Fruits appear on the vine about two months after the first true leaves appear. I try to pick the fruits when they are still young, very green, and the skin is delicate — similar to the skin of a cucumber. The seeds are very difficult to find, so I leave at least two fruit on the vine to harvest seeds for the following year. With ideal growing conditions, I have picked two to three fruit on each of the vines that I plant.
These three classic tropical vegetables/fruits are some of my attempts at incorporating some Caribbean foods in my garden. I have had many failures. But when I succeed, the reward is knowing that years of experimentation paid off. Perhaps my successes will inspire you to try something different in your vegetable garden this year.
Claudette Russell has been gardening on her two-acre lot in Carlsbad Springs, in the rural south east corner of Ottawa, for 15 years. She volunteers with Master Gardeners of Ottawa-Carleton and is constantly experimenting with different plants to make her garden better every year.
Another experiment in my garden is Bitter Melon (Momordica charantia), a vine belonging to the gourd family and very similar to cucumber. In the Caribbean it is known as Carilla. The vine produces warty oblong fruits with a bitter taste. It truly is an acquired taste, but the medicinal benefits include lowering blood sugar levels and blood pressure. Bitter Melon is considered a super food because it has twice the beta-carotene of broccoli, twice the potassium of bananas, and twice the calcium of spinach.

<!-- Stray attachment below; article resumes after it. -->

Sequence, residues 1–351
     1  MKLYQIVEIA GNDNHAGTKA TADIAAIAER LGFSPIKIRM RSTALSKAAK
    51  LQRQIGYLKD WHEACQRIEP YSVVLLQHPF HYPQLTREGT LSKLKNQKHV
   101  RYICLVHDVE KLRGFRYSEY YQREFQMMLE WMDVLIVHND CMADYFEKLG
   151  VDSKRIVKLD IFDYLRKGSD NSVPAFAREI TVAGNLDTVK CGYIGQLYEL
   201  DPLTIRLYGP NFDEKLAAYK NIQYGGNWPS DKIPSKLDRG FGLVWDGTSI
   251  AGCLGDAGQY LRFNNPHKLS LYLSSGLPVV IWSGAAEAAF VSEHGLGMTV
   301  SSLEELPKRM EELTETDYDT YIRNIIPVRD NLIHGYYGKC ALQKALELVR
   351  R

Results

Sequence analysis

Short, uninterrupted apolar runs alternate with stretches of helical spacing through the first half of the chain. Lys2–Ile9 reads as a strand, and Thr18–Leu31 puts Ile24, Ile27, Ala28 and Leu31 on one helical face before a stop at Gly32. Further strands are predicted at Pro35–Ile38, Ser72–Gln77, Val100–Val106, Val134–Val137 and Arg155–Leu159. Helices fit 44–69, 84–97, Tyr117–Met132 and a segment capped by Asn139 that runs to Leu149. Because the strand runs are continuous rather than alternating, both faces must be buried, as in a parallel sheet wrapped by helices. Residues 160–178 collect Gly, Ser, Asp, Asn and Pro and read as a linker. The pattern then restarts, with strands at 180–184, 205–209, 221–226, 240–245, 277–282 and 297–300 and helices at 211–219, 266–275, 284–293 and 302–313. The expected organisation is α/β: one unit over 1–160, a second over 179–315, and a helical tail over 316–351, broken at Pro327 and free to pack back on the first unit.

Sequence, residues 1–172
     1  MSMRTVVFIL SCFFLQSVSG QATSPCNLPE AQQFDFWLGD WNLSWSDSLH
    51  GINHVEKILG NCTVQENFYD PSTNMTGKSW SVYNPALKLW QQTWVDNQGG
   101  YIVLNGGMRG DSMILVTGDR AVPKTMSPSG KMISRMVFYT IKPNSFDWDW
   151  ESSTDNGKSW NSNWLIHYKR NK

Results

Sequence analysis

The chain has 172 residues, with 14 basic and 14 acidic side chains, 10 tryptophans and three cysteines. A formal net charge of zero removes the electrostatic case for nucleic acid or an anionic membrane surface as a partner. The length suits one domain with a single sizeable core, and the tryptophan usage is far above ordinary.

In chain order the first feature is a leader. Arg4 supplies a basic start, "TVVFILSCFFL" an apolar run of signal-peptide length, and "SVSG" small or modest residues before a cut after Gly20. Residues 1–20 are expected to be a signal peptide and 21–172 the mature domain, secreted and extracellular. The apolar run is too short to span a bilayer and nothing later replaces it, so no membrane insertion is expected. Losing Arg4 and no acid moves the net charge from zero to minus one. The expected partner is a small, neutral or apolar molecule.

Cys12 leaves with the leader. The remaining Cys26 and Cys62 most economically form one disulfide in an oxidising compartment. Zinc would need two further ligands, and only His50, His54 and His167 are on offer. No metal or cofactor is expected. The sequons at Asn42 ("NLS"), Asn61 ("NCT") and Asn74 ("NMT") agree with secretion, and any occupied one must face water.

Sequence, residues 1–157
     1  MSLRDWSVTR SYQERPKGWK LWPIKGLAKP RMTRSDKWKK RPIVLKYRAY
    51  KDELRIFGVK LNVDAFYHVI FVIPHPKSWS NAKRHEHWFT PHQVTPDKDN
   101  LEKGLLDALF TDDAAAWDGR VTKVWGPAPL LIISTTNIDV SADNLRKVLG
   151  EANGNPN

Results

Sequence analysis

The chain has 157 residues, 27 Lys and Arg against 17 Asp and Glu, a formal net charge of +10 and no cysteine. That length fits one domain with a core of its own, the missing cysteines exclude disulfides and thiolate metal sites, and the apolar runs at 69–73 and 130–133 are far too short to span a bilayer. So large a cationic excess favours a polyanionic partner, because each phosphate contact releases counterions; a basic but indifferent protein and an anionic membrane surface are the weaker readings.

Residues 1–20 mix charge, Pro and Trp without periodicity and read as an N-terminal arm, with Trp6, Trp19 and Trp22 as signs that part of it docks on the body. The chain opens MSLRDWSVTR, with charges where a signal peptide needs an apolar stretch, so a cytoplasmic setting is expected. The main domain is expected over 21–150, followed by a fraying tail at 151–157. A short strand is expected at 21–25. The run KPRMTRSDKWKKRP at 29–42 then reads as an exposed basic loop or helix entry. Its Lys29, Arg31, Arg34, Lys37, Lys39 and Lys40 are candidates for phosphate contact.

Like other summer vegetables, the plant requires three to four months with hot temperatures to reach maturity. I have had varied success growing Bitter Melon. The successful years have been when the summers are hot and humid.
Tips for growing tropical vegetables in Ottawa gardens
Many vegetables require at least three to four months of warm to hot weather, and six to eight hours of sun each day to mature.Tropical vegetables similar to those highlighted in this article should be treated like corn, squashes, and melons. In Ottawa, you can plant them directly in the ground around May 24, or when the soil is about 15°C.
But our hardiness zones of 5a to 5b means that sometimes the planting season can be unpredictable and not conducive to growing some tropical plants.Patience and a bit of luck will serve you well. Here are some tips for improving your chance of success:
- Avoid purchasing seeds from department stores. Find a reputable seed company that provides guarantees and understands your gardening zone.
- Get a head start by starting seeds indoors in a peat pot around May 3, and transplanting seedlings after the danger of frost is past. The peat pot will reduce the risk of damaging roots during transplanting.
- Pick some of the young vegetables before full maturity to encourage more flower production in the early part of the season.
- Save some of your seeds at the end of the season by letting one or two vegetables/fruits ripen on the healthiest plants in the garden.